to work your ass off on something. and in the end it all comes down to learning how computers work, how interpreters work, how compilers work, to just fix that ONE bug.

    of course it's not impossible that something relies on something else. but you used "on created" that was connected to another "on created" that was calling a function that does something. you can't do that in 1 tick since you've got a chaining of events. that's why wait (0) stops the chain before calling function for 1 sec so that the objects are completed and then continues from there to get the right values and print them out.

    i'm pretty sure you don't know what happens, and how c2 engine works.

    Sorry Saiyadjin, but you speak to me like you assume that I have no clue how C2 works, which of course is fair enough if that's how you see it. But I did make you aware of this issue in the first place, which is known by Scirra, that it is designed that way. Why I asked about it in the first place. I fully respect if you do not see a problem with this, but that doesn't make it go away. And I made a simple example of how and when it happens, not because I was trying to show good design, but to explain the problem to those people, including yourself that related this issue to being maybe about the UI. If you have never used a wait() in your code to solve varies issues even though you knew it was bad, then I fully understand why you haven't noticed this.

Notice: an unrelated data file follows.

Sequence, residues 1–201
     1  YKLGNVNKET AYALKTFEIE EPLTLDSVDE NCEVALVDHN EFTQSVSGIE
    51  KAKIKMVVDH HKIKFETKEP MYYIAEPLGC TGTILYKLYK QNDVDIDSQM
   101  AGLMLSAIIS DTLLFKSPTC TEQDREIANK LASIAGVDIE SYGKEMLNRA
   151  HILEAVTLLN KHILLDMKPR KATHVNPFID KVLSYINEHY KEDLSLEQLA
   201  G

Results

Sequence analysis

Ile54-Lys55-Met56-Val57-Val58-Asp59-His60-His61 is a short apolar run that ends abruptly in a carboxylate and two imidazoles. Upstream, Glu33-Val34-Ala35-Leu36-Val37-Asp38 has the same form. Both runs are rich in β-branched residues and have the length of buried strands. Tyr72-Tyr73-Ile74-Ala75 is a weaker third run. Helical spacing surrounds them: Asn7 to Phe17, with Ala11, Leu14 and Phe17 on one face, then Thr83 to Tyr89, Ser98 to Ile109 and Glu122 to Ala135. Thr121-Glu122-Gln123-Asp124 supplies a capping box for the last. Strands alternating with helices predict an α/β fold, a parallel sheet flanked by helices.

Besides that im not comparing to other software solutions and whether they have problems or not, because its of no concern to me. But if you have experience with C++/C# you know just as well as me, that you would never solve problems with creating objects by throwing in waits(). So why you would even compare those with C2, im not sure of.